Pests: A serious threat in healthcare

Kreethi Yadav

Let’s face it, when we think about hospitals and healthcare facilities, we don’t want to see pests of any kind. This is our zero tolerance shield worn firmly and tightly as we maintain the expectation that healthcare facilities keep their premises 100% pest-free.

Did you know that there is an 80% risk of crawling insect infestation in hospitals? A 75% risk of rodent infestation too! The thought of this sends shivers down my spine and it reiterates how much we trust healthcare facilities in making sure that we, as patients and visitors, are kept safe.

The risk to healthcare

Healthcare facilities have a vested interest in maintaining a clean environment, free of infectious agents and pests. In their unrelenting search for food, pests contaminate medical supplies and equipment such as dressing materials, intravenous drips, syringes, catheters; hygiene sensitive surfaces and drains or waste bins, through feeding, droppings and the shedding of skin or tissue. Any pest infestation can easily lead to disease outbreaks, particularly vector-borne and food contamination diseases. Thus, ongoing pest management is a must for healthcare facilities.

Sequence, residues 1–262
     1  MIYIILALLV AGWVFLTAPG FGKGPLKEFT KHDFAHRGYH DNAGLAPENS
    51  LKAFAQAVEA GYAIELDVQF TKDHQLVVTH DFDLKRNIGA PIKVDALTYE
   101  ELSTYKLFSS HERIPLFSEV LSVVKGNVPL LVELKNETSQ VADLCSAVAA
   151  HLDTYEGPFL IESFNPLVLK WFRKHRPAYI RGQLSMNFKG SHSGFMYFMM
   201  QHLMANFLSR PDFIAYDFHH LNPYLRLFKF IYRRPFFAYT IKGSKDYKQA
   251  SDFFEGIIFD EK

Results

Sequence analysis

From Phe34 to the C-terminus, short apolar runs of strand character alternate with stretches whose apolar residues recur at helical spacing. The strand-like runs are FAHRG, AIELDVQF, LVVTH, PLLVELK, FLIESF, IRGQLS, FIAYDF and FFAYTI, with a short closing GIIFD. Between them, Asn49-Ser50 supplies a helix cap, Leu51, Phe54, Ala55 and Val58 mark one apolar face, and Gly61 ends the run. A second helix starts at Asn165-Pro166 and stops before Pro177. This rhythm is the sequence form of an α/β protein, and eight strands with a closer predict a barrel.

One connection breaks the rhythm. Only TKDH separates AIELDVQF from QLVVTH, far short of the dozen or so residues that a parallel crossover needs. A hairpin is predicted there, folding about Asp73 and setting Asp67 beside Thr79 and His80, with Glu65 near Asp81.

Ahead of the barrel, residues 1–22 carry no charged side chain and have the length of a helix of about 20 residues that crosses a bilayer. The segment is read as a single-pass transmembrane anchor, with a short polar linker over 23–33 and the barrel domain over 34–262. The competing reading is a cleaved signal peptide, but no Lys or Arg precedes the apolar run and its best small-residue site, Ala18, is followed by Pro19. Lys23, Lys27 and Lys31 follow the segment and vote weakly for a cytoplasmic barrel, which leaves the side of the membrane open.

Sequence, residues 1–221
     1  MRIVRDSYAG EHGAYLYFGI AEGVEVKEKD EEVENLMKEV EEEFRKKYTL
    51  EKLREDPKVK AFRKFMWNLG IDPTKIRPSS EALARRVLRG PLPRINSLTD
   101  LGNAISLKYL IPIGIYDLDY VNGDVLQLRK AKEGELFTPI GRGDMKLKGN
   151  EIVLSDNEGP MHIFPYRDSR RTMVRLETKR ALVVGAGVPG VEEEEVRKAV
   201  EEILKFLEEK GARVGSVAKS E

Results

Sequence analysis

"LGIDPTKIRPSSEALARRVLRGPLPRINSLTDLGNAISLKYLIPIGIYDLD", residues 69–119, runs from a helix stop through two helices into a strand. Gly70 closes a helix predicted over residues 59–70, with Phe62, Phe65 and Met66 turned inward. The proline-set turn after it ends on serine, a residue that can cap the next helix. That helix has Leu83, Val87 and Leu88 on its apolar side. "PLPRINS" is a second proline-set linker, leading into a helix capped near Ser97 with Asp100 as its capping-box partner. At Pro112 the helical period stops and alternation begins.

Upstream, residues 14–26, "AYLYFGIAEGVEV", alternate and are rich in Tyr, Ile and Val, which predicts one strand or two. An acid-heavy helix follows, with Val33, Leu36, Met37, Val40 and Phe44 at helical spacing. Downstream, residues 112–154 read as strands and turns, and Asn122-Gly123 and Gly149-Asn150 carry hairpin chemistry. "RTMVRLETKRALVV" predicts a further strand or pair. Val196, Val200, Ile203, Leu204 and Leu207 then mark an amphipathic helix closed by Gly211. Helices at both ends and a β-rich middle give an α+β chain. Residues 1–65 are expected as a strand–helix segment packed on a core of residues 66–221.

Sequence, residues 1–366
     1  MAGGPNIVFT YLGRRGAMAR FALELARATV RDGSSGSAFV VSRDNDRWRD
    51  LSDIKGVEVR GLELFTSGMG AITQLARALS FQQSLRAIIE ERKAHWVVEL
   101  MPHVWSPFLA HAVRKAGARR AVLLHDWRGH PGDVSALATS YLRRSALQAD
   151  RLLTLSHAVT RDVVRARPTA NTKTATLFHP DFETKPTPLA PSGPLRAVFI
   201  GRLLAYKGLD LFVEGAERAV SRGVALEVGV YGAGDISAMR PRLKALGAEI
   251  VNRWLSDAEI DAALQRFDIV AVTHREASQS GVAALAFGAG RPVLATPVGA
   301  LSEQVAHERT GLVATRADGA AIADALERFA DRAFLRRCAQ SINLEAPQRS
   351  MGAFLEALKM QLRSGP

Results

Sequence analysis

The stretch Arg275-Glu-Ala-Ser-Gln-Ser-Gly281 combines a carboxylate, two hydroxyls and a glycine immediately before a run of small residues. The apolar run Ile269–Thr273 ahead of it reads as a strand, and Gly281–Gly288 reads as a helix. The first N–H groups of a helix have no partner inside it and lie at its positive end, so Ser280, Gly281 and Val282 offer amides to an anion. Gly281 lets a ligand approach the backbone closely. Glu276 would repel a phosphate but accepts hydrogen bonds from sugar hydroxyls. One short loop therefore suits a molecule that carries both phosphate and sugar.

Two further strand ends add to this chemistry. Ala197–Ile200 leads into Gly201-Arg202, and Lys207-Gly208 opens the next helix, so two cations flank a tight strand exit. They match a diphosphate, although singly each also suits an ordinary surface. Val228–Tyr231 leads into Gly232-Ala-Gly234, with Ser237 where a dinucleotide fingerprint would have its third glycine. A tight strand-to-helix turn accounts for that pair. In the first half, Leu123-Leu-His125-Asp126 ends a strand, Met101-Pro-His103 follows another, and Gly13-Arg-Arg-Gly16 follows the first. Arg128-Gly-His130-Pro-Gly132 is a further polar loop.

The consequences of pest infestation in a healthcare setting, include:

  • Contamination of medical equipment
  • Infections resulting in serious medical complications
  • Litigation in the event of non-compliance with applicable hygiene or health and safety legislation
  • High costs of treating a full-blown pest infestation in comparison with the relatively modest cost of a preventative pest control program

The healthcare pest problem

Hospitals and nursing facilities are especially vulnerable to pests due to the multitude of access points through constant deliveries, storage and preparation of food, high patient or resident turnover, frequent visitors and structural defects.

Any evidence of pests inevitably leads to a profound loss of trust on the part of patients or residents, relatives and employees who will typically link an infestation to poor hygiene standards.

Integrated Pest Management Programs

An Integrated Pest Management (IPM) program is key to overcoming the challenges and potential risks associated with pest infestation. IPM programs essentially anticipate and prevent pest activity through the integration of various strategies with the ultimate goal of achieving a long-term solution. The key components of an IPM program are:

  • Education
  • Structural repair
  • Proper waste management
  • Biological and mechanical control techniques
  • Engagement of professional pest control
  • Ongoing maintenance

Good housekeeping and sanitation practices are the first steps in preventing pest infestation.

Contact the experts at Rentokil for support in controlling and preventing pests in healthcare facilities.

Kreethi Yadav
Kreethi Yadav

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